Rapper Too $hort says he learned something from XXL video debacle

Rapper Too $hort appears to have learned something from the recent video debacle. When XXL posted a video of the rapper giving “advice” to middle school boys on “how to turn girls out,” many called for the resignation of Editor in Chief Vanessa Satten. After a conversation with the brilliant writer and activist Dream Hampton, Too $hort told he understands why everyone was upset, and that his “jokes” about sexual assault aren’t funny. It’s been a rough couple of weeks for you in regards to the negative feedback that you received for your recent XXL video. Tell us what that was all about.

Too $hort: At the time, I thought it was something of a comedy nature. As they released it, it was put up in such an irresponsible manner. They just put up a headline without any type of real description of its intended nature. It’s been a blessing in disguise, though, because as the negative reactions poured in, my first reaction was to just be like, “it’s just a damn joke.” It took a moment though to understand what was really taking place here. Initially, I was being nostalgic about my situation growing up with games like “Hide and Go Get It” – you know just doing stuff as bad little kids. That goes from learning to how kiss to a lot more than that.

I say that it was a blessing in disguise because I had a conversation with Dream Hampton about it. Immediately when this happened I began to question why anybody would release the video in the manner that they did, and why would I even allow myself to be recorded? And especially during these times of social media, where you can grab any piece of that video and use it as you wish. The person who asked me to do the video set it up as a joke, but didn’t release it with the premise of being a joke. I did an interview about music and my career. We finished, and while everybody was packing up, they asked for a little drop for their website. I still haven’t seen anything else from the interview put up – just what they got from the video. I should have been much more responsible knowing what bloggers do. I take full responsibility. I have to reverse that bad energy.

Dream Hampton explained to me about how this is a time when women are fighting for their rights, and here’s a video that describes an assault. I’m actually a very knowledgeable brother, but Dream schooled me in the conversation. It really opened up my eyes to something I had not known about. She told me that if we were kids at a pool and I ran by and yanked her top down, it wouldn’t be a joke or a prank to her – that would be a traumatic incident, and it is along the lines of sexual assault. As little boys, we’re running around tapping girl’s a**es like it’s funny, but they’re really victimized by it. I learned that it’s not a joking matter. I feel like I needed that education because had I not, I could’ve continued thinking that it is a joke. Even with my music filled with misogyny, I still have morals.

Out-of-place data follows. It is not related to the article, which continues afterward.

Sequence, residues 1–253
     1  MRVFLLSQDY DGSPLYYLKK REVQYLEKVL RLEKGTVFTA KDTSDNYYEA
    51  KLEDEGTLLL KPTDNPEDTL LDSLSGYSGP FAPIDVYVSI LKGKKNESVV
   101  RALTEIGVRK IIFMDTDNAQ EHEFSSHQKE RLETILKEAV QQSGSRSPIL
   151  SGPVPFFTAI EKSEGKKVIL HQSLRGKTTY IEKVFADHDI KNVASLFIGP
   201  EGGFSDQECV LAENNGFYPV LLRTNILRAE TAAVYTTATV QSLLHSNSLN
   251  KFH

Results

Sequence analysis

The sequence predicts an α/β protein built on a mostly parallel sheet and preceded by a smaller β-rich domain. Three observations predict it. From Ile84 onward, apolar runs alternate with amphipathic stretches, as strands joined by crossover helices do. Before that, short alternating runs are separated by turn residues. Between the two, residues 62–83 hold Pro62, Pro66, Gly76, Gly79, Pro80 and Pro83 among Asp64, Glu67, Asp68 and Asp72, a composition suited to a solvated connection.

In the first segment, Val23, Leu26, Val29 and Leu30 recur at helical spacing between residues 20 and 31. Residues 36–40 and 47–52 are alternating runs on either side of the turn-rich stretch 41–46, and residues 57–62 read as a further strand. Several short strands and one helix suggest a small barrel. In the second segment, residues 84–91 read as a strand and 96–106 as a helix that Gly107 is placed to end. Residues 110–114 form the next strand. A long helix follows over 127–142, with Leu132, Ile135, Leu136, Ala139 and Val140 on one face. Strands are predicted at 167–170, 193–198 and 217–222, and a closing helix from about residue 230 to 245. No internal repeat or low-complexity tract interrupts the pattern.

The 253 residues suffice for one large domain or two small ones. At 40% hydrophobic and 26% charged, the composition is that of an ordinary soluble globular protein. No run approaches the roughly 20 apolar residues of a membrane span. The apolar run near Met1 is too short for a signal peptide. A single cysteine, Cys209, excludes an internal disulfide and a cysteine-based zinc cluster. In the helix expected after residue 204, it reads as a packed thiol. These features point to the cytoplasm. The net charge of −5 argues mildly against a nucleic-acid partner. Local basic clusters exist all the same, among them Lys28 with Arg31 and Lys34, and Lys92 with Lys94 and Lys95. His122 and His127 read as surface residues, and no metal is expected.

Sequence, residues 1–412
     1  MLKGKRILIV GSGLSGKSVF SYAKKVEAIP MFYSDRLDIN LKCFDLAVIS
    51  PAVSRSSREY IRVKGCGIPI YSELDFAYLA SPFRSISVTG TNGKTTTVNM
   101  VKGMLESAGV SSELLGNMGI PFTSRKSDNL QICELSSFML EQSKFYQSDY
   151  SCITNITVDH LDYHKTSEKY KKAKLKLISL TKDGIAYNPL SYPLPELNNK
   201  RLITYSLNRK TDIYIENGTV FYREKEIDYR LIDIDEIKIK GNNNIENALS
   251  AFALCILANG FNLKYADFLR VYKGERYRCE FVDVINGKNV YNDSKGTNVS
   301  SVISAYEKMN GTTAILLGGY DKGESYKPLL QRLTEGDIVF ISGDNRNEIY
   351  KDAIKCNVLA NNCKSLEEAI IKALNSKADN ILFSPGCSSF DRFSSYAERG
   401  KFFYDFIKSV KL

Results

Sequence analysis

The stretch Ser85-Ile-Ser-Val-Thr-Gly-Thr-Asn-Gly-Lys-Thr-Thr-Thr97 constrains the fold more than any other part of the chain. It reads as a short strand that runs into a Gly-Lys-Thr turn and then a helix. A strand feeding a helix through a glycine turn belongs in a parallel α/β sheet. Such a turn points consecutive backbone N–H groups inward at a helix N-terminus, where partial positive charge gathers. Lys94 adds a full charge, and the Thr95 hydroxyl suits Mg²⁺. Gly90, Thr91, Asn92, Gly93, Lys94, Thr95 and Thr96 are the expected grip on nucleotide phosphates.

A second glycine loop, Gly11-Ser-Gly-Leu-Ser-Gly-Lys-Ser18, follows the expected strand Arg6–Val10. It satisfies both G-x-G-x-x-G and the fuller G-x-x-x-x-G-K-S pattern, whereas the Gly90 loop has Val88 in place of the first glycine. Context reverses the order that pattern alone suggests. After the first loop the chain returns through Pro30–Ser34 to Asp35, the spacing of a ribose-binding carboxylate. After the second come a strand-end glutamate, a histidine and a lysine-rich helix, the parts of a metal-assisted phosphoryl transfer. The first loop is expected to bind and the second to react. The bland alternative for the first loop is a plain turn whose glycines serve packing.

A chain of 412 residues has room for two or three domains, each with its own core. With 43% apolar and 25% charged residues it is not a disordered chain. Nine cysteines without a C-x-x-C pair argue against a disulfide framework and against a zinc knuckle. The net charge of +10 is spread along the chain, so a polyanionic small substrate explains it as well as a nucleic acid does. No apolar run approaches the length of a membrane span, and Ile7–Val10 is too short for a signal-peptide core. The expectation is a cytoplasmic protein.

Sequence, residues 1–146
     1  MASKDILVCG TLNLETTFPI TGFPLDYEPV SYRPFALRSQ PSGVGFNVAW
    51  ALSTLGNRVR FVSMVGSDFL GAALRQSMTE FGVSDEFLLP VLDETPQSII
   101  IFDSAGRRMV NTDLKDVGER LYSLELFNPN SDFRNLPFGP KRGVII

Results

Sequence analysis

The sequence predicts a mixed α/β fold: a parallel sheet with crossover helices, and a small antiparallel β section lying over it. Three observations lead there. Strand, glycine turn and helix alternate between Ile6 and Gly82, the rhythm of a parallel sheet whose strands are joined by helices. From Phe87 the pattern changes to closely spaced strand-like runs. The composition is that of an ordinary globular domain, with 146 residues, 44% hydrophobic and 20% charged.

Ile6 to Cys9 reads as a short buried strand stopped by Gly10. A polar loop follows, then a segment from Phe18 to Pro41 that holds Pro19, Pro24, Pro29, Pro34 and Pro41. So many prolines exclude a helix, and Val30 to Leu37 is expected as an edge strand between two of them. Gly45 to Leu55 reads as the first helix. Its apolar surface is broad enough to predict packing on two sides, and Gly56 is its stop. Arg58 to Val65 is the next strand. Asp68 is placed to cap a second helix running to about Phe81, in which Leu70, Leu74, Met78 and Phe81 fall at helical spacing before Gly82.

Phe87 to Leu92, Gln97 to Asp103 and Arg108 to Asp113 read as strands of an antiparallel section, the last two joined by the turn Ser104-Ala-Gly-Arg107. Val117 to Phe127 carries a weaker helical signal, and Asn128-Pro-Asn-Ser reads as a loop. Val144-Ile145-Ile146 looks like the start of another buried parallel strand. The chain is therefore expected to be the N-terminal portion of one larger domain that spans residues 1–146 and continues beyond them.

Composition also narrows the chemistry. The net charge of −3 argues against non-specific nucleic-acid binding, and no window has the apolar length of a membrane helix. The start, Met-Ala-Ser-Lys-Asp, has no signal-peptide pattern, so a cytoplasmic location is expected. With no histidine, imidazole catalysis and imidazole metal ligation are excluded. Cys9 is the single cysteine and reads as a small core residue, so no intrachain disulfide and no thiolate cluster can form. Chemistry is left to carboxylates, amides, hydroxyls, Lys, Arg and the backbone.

Over at Colorlines, Akiba Solomon has a fantastic list of “5 things Too $Short, XXL, and all of hip hop journalism can learn about sexual violence,” which everyone must read. Number four is so on point it made me want to scream and shout.

4. Loving women such as your mother, daughter, wife or sister doesn’t absolve you from participating in rape culture.

Because accusations of sexism have dogged hip-hop for so long, many people are resistant to hearing about the very real ways it can contribute to a culture that condones and encourages violence toward women. (This includes exalting actual pimps, running photos of women’s body parts without showing their faces in mainstream magazines, and shouting down adults within the culture who question some of this behavior.) Instead of dealing with the issue, I’ve seem some folks point to how they take care of the women in their lives. That may work for artists. It doesn’t work for alleged journalists.

The Too $hort debacle is simply another example in a long history of misogny in hip hop. It’s good to see that the activism and outrage sparked by the initial video is leading to a larger and very necessary conversation about rape culture and sexual violence. Because #itsbiggerthantooshort.

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